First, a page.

In 1983, I asked the incoming president of the National Association of Criminal Defense Lawyers, the late Robert W. Richie of Knoxville, Tennessee, if I might chair a new committee that I was discussing with past president Gerald Goldstein, then of San Antonio, Texas, and now of Aspen, Colorado. Its task would be to represent and counsel criminal defense lawyers who were imperiled with risk of contempt, disqualification, subpoena or bar grievance arising out of their vigorous and ethical defense of their clients. It was to be called the NACDL Lawyers Assistance Strike Force.

The first client of the Strike Force was Nancy Gertner, then a prominent lawyer in Boston. Gertner and her co-counsel had been subpoenaed on the eve of trial in the U.S. District Court for the District of New Hampshire to turn over fee records from certain clients in order to show that if clients could afford top-notch lawyers, they couldn’t possibly be menial workers. (Gertner’s client was a parking attendant but had the funds to retain her.)

I flew to New Hampshire and testified on behalf of the NACDL Strike Force, which resulted in the judge’s quashing the subpoenas:

The use of the phrase chilling affect upon the role of an attorney engaged in criminal defense work by being served a subpoena in circumstances such as this is mild. To permit it would have an arctic effect with the non-salutary purpose of freezing criminal defense attorneys into inanimate ice floes, bereft of the succor of constitutional safeguards.

The monetary problems such as attorneys hiring attorneys (as we have in this case) can be better spent on pertinent matters (a lawyer’s time is his stock-in-trade). Also to be considered is the ever increasing specter of malpractice suits, the possible vindictiveness of prosecution counsel towards a successful, recalcitrant, obnoxious or obfuscating adversary, the jeopardizing of the attorney-client relationship, real or imaginary, the reluctance of capable attorneys to continue or to consider a full or partial career in the practice of criminal law and the further depletion in the paucity of capable trial lawyers because of a concatenation of events leading to abuse of process.[1]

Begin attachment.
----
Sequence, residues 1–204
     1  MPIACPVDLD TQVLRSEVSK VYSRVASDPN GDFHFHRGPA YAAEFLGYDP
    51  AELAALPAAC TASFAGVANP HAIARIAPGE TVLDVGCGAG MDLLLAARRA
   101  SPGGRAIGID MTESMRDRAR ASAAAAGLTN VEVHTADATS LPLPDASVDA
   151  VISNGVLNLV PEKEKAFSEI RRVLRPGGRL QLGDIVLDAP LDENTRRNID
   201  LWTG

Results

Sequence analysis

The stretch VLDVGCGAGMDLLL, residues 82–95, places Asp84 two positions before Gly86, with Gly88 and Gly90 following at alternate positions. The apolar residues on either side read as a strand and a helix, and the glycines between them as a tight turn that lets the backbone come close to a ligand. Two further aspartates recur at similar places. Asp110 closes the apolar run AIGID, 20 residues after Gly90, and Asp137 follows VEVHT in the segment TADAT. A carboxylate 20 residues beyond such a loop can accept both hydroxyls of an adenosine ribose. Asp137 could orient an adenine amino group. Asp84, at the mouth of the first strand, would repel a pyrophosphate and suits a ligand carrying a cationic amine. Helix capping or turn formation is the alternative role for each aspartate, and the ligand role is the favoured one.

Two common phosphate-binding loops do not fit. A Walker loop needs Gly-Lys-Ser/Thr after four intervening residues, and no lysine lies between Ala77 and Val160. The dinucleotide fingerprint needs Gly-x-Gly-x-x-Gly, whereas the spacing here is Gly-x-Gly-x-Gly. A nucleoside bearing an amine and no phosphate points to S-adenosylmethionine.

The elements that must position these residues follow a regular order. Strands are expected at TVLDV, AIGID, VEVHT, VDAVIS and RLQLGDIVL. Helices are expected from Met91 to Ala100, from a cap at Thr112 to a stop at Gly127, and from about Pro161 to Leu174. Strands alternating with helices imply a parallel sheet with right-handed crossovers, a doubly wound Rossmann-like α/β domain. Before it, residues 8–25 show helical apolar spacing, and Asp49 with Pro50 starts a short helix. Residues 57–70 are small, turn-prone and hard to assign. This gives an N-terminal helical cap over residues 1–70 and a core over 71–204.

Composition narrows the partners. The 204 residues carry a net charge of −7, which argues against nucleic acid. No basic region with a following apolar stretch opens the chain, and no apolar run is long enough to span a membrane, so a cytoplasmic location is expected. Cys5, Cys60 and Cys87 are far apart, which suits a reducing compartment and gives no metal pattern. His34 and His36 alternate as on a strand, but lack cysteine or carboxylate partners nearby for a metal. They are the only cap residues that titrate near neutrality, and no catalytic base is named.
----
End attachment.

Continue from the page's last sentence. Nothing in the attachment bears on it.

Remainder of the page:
The district court quashed the subpoenas, emphasizing the negative effect that it believed the subpoenas would have on the attorneys’ ability to defend their clients in the pending state criminal action. The court expressed concern that forced disclosure would jeopardize the attorney-client relationship at a crucial point in the defense preparation. The could also found that “[t]he actions of the U.S. Attorney are without doubt harassing” and noted that enforcement of the subpoenas in this context would deter attorneys from following a career in criminal law because of the personal and professional traumas resulting from the United States attorney’s investigatory tactics.

The government appealed, but the U.S. Court of Appeals for the First Circuit affirmed the decision.[2]

Gertner subsequently was nominated by President Bill Clinton to the U.S. District Court for the District of Massachusetts. Her nomination was strongly supported by the late Sen. Edward Kennedy, D-Mass. She served until 2011, during which time she issued numerous opinions on sentencing issues and was widely published in the area. She currently is a senior lecturer on law at Harvard Law School, where she teaches forensic science and sentencing. She is also writing a book titled “Incomplete Sentences: Gangs, Guidelines and Judges,” which is expected to be published by Beacon Press this year.

In the first of a few interviews with Judge Gertner, which took place between August and November of last year, I began by asking her why she resigned from the bench. She gave me several reasons, most of which boiled down to her frustration with the U.S. Sentencing Commission’s refusal to take any of her opinions into consideration when reworking the federal sentencing guidelines. She thought she could better contribute to ending mass incarceration by teaching law students, lawyers and federal judges at the Federal Judicial Center on sentencing. She has spoken at several NACDL continuing legal education programs, including the recent white collar program in Washington, D.C., in October 2019.

Following one of her presentations at an NACDL CLE program soon after she took the bench, I asked her what a lawyer can do when he has a serious drug client with a lengthy criminal record who was dealing significant amounts to inner city youths. “Tell me a story,” was her response. “Every client has a story.”